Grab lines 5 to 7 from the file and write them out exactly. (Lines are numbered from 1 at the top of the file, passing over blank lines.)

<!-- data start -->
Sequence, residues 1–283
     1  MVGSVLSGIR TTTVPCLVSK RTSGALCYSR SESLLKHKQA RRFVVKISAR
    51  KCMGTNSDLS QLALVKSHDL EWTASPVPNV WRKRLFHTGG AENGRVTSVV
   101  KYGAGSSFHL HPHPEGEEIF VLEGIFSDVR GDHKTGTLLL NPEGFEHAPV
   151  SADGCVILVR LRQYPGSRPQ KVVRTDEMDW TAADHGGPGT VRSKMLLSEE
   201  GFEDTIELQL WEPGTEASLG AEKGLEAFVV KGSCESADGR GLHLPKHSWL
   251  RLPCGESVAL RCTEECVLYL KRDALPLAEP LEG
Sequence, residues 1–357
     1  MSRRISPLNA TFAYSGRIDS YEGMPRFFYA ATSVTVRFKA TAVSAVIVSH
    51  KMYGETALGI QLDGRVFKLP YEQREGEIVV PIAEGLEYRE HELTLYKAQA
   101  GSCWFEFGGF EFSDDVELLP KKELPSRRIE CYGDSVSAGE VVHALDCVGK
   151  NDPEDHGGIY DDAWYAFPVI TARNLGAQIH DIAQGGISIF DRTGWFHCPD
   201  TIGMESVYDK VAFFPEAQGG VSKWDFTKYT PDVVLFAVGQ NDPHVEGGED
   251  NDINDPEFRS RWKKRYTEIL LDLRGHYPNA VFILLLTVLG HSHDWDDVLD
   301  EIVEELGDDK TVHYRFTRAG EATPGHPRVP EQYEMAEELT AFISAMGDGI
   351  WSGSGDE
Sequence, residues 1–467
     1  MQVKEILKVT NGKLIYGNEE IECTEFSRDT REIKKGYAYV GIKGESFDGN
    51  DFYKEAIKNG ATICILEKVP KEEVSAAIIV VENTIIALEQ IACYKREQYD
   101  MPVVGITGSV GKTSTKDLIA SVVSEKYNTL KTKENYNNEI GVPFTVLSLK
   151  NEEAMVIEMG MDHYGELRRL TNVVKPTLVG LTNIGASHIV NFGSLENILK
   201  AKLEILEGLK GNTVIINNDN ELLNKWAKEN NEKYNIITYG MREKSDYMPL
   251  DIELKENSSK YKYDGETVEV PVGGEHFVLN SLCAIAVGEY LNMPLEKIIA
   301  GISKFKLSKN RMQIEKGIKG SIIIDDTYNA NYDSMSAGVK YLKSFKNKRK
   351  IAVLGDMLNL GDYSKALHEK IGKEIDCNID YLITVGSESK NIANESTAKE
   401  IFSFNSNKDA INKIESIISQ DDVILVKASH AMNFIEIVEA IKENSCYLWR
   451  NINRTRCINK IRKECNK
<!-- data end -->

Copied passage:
   151  SADGCVILVR LRQYPGSRPQ KVVRTDEMDW TAADHGGPGT VRSKMLLSEE
   201  GFEDTIELQL WEPGTEASLG AEKGLEAFVV KGSCESADGR GLHLPKHSWL
   251  RLPCGESVAL RCTEECVLYL KRDALPLAEP LEG